Waxing Poetic | The Reader’s Shelf

Author Colum McCann wrote in the Guardian that “poets have their fingers on a different pulse.” The creators of the following novels skillfully position poetry at the center of their tales, putting their own fingers on that very beat.

arsonistsguide.jpg42117Time has not been kind to Richard delicatebirds.jpg42117Winslow, a once-acclaimed poet who explains that he suffers from “commercial leprosy.” His wife is preparing to leave him; he drinks far too much and far too often. When a visiting professorship opens at a remote Montana college, Richard reluctantly accepts the offer. He hopes to recover from writer’s block, embrace a love for fly-fishing, and ramble through the picturesque landscape. His daydreams are one thing, but Richard also encounters Erika, a fragile and talented student who adds both intrigue and misery to his life. Sorrowful journeys are common in fiction, but Richard and Erika cover complex, poignant terrain on their rueful road trip in Kevin Canty’s ­eloquent Winslow in Love (Vintage. 2006. ISBN 9781400078554. pap. $14; ebk. ISBN 9780307430281).

A sharp satire on our dark, debt-laden times is Jess Walter’s The Financial Lives of the Poets (Harper Perennial. 2010. ISBN 9780061916052. pap. $14.99; ebk. ISBN 9780061965913), which follows in the wake of the 2008 financial crisis. Matthew Prior, a recently laid-off financial columnist, is facing marital woes as his wife’s compulsive eBay purchases have led to impending foreclosure. He hatches a plan he is sure will bring in cash flow: a website featuring poetry about money. Somehow surprised when this venture fails, Matthew stumbles upon his next outrageous commercial scheme while on a late-night trip to a store. Mildly endearing poetry is sprinkled throughout this depressingly hilarious (or hilariously depressing) view of Everyman blended with laugh-out-loud scenes.

In Seth Greenland’s I Regret Everything (Europa. 2015. ISBN 9781609452476. pap. $16; ebk. ISBN 9781609452575), Jeremy Best is a New York City attorney who also surreptitiously writes poetry under the moniker Jinx Bell. Spaulding Simonson, an aspiring poet and the troubled, precocious daughter of Jeremy’s coworker, reads his work in the Paris Review and realizes Jinx’s true identity. The two alternate narrating chapters that unfold like a dance and tell an unlikely story of connection between two needy, lonely, and frightened individuals. This compact literary novel with its raw and realistic plot twists explores life, love, and the power of verse.

Thirtysomething sisters—the righteous ­Rosalind, brittle Bianca, and capricious Cordelia—shine in Eleanor Brown’s wise and witty debut, The Weird Sisters (Putnam. 2012. ISBN 9780425244142. pap. $16; ebk. ISBN 9781101486375). Readers quickly catch on to how the “weird” in the title (from the Anglo-Saxon “wyrd,” meaning destiny) foretells each sister’s fate as they reunite at their family home to aid their ailing mother. Their father, a Shakespearean scholar, communicates in the Bard’s iambic pentameter, with others in the family occasionally speaking in a similar fashion. This unique touch in Brown’s savvy story is quirky, but she also uses the playwright’s themes to surface deeper issues.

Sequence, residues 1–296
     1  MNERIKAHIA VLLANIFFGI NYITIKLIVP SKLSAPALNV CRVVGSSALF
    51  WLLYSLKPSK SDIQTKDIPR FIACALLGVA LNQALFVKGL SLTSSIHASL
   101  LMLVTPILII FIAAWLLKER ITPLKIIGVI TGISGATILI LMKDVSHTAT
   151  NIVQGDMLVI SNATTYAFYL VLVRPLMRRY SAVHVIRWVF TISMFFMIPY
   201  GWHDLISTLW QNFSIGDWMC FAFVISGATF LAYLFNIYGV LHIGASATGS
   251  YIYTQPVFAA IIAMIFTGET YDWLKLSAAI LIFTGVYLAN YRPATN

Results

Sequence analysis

Lauren Groff’s delectable Delicate ­Edible Birds (Hachette. Aug. 2016. ISBN 9780316317771. pap. $16; ebk. ISBN 9781401396374) is plump with nine riveting short stories. Among all Groff’s characters, including champion swimmers, baton twirlers, and dictators’ wives, the most alluring are the poets in “Blythe.” Stay-at-home moms Harriet and Blythe meet in a night class for creative writing and form an instant friendship. Quiet and grounded, Harriet weathers the charismatic and unstable Blythe, who brings constant dramatic highs and lows to Harriet’s world. Devoted Harriet tries to hold fast, until their thorny bonds become too complex and convoluted for even she to support. Later, attaining her own literary success, Harriet becomes aware of how Blythe’s performances and ploys shaped her life.

The befuddled and bumbling Sam Pulsifer is the key figure in Brock Clarke’s snarky An Arsonist’s Guide to Writers’ Homes in New England (Algonquin. 2008. ISBN 9781565126145. pap. $13.95; ebk. ISBN 9781565126381). Upon completing a ten-year prison term for accidentally burning down Emily Dickinson’s home and killing two caretakers, Sam is acclimating to life as a free man. During his return to his parents’ home, he is amazed when his father shares several letters requesting that other famous writers’ residences be destroyed. Though he is horrified, Sam makes plans to visit the home of Robert Frost, leading to a series of vague, unsettling discoveries. Clarke’s wildly original and absurdly screwball faux memoir is not only an unpredictable detective tale but also a tragic, caustic ­conundrum.

This column was contributed by librarian and freelance writer Andrea Tarr, Alta Loma, CA

Neal Wyatt compiles LJ’s online feature Wyatt’s World and is the author of The Readers’ Advisory Guide to Nonfiction (ALA Editions, 2007). She is a collection development and readers’ advisory librarian from Virginia. Those interested in contributing to The Reader’s Shelf should contact her directly at Readers_Shelf@comcast.net

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Comments

  1. Rhonda S clark says:

    Excellent! I love Andrea Tarr’s reviews!

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